The role of religions, which showed up in Civ4, is utterly removed. You can still build temples, but they only give culture points. Specialized religious buildings for different religions are removed, and I did not even see the cathedrals that have been with the game from the start (I think, I know they were in Civ2 at least). The number of religious themed Wonders of the World is also reduced, and there is no longer particularly many from the Christian sphere compared to other cultures. It seems safe to guess that Firaxis got burned on that feature last time.

Culture no longer expands your border rapidly. You will get nearby land or sea tiles as your population grows. There seem to be more tiles than population, but not by much, unless you spend gold to buy them. This may be a good idea if there are valuable resources just out of reach, like luxuries or iron or horses for your military.

On the other hand, culture now accumulates to let you buy social policies. These come in a number of groups, some of which are mutually exclusive, but many are not. The groups are themed, so that one group is particularly useful for large empires, another for small, another for seafaring and mercantile nations and so on. You can win a cultural victory by getting many enough of these, but even on the ridiculously easy Tutorial level I was nowhere near that before the game was closing in on the year 2050, where scoring ends.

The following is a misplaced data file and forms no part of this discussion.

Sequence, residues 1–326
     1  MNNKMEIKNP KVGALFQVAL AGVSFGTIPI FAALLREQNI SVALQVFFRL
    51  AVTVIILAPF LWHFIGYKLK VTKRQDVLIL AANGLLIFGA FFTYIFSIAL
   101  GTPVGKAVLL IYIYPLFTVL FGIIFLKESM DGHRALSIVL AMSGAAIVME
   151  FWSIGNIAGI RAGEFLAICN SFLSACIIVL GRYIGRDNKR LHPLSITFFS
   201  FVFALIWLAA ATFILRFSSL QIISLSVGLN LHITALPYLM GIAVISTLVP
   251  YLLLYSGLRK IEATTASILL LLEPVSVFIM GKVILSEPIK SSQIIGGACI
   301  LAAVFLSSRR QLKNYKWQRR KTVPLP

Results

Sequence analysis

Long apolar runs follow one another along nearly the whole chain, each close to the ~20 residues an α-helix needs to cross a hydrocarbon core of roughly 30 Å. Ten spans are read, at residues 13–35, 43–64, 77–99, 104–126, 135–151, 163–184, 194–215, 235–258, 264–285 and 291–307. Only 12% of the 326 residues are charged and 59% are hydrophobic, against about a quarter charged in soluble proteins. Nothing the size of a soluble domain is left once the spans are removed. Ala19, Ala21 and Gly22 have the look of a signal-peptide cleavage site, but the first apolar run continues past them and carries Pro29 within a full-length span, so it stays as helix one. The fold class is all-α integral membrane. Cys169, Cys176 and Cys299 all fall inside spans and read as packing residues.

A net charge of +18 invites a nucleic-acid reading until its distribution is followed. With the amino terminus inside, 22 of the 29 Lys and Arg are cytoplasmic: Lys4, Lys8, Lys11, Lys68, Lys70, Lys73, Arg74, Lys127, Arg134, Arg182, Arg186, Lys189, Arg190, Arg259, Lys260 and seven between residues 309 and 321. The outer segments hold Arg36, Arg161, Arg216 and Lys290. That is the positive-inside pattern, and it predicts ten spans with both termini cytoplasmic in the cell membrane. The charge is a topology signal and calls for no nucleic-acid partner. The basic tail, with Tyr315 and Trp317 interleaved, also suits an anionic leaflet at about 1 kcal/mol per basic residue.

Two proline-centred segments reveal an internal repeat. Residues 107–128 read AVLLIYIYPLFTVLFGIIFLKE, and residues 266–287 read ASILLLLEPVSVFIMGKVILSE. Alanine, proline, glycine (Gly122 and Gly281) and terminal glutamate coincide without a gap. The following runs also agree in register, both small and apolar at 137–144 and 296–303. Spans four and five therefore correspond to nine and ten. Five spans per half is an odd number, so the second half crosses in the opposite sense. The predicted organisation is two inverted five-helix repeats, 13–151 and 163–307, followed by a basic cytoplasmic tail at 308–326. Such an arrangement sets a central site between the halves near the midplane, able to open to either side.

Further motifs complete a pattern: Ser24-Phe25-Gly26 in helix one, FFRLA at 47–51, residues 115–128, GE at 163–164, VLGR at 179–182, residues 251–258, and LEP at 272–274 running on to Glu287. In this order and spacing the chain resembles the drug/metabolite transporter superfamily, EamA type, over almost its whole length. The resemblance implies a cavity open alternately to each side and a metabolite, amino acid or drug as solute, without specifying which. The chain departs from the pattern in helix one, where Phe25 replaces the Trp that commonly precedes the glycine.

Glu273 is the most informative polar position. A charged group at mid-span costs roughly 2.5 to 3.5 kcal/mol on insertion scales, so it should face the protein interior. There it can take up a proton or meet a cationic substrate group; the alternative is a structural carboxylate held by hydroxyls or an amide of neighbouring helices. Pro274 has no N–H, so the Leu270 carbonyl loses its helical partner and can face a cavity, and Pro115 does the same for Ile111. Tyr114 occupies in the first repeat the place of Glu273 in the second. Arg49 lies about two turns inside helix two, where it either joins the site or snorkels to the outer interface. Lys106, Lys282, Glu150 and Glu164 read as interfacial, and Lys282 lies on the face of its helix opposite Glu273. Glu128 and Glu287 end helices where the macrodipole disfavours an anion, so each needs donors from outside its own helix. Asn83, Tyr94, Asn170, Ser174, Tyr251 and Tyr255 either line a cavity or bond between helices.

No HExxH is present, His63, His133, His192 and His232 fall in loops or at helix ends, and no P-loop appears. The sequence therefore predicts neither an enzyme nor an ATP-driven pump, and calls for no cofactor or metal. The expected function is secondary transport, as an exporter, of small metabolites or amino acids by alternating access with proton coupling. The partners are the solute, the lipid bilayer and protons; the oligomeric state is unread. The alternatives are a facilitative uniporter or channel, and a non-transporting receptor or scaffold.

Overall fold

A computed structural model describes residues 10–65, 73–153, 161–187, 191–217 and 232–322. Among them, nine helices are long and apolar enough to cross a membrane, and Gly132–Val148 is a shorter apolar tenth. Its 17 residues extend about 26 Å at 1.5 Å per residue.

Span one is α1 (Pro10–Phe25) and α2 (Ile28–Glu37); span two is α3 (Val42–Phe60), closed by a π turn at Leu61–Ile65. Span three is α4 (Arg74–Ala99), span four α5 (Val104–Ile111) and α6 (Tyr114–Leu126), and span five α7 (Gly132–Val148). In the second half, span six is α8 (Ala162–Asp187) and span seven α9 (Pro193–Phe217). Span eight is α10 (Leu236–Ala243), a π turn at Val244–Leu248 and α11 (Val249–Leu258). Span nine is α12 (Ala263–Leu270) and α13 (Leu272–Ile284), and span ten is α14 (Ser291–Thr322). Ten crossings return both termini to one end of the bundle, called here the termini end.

The Civ games used to benefit greatly from micromanagement. It was a bit of a wrist nightmare, to tell the truth. This may be one of the reasons why I have played it so little over the last years. In this version, micromanagement is downplayed. You can still do some of it, but it does not make the huge difference it used to.  Unless you are pretty good, you should probably leave most of the mundane tasks to the computer intelligence and concentrate on the strategic stuff.

The military is changed in more ways than the hexagon tiles and the strong cities. Support of armies is simplified, and you can no longer stack two military units in the same tile. They are also more expensive to make. The net result is that you make many fewer military units, and feel more protective of the ones you have. Experience makes more difference than ever before, so if you have an old spearman you will definitely want to upgrade rather than disband and make something new.

Having only one unit per tile means warfare is far more intuitive. No more mousing over tiles to see how many units are stacked there. Just look out across the field and you can judge the forces pretty quickly.  Battles also don’t end with annihilation unless one of the sides is extremely much stronger. Even if you lose, you can normally withdraw to heal, unless you are surrounded. And there is now a preview before you attack, which tells you the expected outcome of the battle. The actual battle may be a little different, for instance I got predicted “minor victory” but ended up with a stalemate, but the range of randomness is cut down. No more spearmen sinking destroyers by sheer luck.

That’s all I can remember off my sleepy head.